July 6, 2018 @ 6:00 pm – 9:00 pm
Washington State Convention & Trade Center


Washington State Convention & Trade Center
800 Convention Place
Seattle, WA – 98101 (see map)

2600 meetings are held the first Friday of every month at the Washington State Convention and Trade Center, which has excellent transportation connections from the greater Puget Sound area.

2600 Meetings exist as a forum for all interested in technology to meet and talk about events in technology-land, learn, and teach. Meetings are open to anyone of any age or level of expertise.

All meetings take place on the first Friday of every month. Most people begin to show up around 6pm. We now meet on the second floor, at the tables behind the escalators.

The Seattle meeting is one of the longest-running and most well-established 2600 meetings in the country, with an average turnout of more than twenty attendees. Most people begin to show up around 6pm. We now meet on the second floor, at the tables behind the escalators.

It’s a common misconception that 2600 meetings involve lawlessness and mayhem. If these are your interests, you will not only be disappointed, but will probably be banned from the meeting by the Convention Center’s Security Team. Conversely, if you are the kind of person who takes things apart to learn how they work, you delight in discovering how things operate “behind the scenes,” and you question not just “how” but also “why,” you’re a hacker–even if you don’t do anything illegal! At the Seattle 2600 meeting, unlike almost anywhere else, you won’t be considered weird or dangerous for being who you are. Instead, you’ll discover that you’re not alone, you’ll learn new things, and–most importantly–you’ll have a lot of fun!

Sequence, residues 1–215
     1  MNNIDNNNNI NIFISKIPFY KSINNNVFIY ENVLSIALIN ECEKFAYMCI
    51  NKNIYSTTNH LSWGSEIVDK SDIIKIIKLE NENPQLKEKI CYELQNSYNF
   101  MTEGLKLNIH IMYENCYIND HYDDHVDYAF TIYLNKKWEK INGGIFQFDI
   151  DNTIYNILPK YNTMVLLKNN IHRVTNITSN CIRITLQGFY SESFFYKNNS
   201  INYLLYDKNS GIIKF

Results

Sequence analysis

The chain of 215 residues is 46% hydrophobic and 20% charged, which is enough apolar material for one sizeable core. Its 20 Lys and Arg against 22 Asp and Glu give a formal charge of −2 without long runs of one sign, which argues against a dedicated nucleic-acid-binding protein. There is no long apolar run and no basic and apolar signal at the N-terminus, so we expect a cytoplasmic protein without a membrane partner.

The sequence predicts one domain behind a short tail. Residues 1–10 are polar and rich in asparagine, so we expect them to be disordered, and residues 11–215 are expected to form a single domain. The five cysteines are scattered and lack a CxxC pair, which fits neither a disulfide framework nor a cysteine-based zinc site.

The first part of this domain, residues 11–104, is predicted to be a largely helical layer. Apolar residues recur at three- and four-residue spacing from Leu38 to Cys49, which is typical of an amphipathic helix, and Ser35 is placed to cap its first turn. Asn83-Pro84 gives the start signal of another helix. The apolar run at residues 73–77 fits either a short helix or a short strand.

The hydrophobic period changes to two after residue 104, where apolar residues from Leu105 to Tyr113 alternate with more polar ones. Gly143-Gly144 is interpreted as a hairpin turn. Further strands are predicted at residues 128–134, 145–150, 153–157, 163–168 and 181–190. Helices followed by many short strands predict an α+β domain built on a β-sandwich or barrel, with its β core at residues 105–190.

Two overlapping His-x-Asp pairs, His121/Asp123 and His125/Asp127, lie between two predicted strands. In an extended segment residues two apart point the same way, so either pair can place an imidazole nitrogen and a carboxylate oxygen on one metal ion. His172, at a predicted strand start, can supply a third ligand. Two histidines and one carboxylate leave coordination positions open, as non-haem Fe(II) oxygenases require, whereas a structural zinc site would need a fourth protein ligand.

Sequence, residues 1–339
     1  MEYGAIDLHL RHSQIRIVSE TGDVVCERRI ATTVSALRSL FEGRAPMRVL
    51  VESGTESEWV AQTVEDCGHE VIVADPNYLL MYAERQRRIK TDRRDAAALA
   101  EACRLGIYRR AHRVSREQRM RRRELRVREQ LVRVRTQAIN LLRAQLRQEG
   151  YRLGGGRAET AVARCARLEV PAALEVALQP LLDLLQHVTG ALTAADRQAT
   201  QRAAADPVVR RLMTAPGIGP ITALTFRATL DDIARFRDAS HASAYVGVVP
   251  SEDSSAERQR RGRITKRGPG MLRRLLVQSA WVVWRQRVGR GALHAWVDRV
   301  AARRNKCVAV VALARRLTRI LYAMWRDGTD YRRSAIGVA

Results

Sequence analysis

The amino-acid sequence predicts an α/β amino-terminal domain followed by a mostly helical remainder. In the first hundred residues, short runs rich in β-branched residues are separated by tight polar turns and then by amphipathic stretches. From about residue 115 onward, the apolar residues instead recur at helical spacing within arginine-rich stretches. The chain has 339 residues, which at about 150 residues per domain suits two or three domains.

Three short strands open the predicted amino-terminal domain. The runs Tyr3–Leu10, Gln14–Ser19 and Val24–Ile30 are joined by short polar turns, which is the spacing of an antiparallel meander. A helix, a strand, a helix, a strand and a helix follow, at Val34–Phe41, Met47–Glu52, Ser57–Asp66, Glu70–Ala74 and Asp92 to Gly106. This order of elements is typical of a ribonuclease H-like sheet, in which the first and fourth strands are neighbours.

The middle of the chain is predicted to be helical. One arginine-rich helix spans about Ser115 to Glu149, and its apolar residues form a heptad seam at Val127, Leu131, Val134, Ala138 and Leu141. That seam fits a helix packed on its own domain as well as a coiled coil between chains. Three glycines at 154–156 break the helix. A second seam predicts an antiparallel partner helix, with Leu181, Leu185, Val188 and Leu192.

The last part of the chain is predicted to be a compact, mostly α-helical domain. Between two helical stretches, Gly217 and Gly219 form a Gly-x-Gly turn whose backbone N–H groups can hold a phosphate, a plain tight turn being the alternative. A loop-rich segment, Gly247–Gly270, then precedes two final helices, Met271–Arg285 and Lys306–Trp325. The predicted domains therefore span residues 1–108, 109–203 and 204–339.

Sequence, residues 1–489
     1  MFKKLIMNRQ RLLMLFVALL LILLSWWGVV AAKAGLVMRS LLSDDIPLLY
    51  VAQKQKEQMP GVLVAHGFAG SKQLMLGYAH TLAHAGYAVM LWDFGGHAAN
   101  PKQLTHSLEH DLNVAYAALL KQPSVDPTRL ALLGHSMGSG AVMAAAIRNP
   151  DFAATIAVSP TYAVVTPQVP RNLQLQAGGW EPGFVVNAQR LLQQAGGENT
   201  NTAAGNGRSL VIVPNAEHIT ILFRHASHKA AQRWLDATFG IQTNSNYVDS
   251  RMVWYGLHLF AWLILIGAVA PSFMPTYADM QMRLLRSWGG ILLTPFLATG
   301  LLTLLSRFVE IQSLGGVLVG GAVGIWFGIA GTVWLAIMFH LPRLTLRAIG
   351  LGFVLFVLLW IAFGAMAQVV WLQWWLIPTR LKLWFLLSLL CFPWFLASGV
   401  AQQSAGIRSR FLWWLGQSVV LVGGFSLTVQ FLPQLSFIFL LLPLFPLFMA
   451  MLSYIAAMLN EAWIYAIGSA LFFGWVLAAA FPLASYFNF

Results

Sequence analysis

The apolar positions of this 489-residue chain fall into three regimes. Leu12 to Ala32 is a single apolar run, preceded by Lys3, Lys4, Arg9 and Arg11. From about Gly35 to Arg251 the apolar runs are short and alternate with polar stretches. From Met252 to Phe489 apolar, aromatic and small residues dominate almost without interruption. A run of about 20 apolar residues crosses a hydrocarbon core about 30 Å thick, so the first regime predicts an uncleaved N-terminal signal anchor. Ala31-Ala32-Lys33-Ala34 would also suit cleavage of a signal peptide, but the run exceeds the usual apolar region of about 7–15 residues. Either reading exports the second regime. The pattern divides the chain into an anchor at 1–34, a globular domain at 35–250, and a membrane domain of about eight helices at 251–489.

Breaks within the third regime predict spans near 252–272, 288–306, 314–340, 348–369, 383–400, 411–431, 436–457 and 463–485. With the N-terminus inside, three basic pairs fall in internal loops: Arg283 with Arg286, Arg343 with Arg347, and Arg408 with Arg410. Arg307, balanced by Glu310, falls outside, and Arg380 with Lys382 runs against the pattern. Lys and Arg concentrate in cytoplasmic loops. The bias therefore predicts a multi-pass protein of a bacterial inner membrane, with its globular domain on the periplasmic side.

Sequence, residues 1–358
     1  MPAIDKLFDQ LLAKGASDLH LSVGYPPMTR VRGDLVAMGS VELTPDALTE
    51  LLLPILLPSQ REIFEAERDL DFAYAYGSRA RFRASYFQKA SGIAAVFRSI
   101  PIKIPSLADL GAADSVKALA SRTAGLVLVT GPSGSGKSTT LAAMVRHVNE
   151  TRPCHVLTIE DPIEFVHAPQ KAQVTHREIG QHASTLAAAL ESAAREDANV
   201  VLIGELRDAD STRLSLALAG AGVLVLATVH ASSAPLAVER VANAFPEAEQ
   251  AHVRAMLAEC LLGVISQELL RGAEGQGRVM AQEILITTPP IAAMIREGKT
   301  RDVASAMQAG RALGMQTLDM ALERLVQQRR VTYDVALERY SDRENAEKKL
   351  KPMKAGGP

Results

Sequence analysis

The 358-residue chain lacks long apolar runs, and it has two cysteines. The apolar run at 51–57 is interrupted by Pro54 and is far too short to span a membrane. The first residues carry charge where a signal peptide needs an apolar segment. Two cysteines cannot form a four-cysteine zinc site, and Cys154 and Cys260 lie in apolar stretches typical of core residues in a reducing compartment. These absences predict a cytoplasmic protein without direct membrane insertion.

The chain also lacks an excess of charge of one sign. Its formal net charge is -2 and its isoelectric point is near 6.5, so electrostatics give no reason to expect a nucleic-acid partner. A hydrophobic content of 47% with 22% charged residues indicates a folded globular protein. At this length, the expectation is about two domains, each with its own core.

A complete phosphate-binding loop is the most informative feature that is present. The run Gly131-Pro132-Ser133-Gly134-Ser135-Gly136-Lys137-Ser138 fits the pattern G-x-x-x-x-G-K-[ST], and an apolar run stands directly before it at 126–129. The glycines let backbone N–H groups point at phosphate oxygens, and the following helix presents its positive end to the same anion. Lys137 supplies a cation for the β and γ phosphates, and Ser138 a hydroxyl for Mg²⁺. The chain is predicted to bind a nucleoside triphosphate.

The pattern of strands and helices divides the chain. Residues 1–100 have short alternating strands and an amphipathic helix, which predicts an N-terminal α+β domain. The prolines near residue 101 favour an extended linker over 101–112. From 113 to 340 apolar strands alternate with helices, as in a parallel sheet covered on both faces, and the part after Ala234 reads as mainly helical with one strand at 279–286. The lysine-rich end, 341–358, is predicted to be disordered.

Most hackers aren’t what you have heard or read about in the popular media. We have a passion for technology, a driving curiosity, and a strong belief in changing the world. In our experience, these attributes aren’t learned; they’re a gift. Don’t worry if you’re new to technology; while technologies shift constantly, the hacker spirit endures. Our community has a broad range of backgrounds, interests, and walks of life. While we are sometimes willing to bend the rules in order to learn new things, real hackers aren’t inclined to deface Web pages and empty bank accounts (even though many know how to do so). While it does not make for exciting news, hackers are–as a whole–much more likely to void the warranty on a piece of equipment by taking it apart.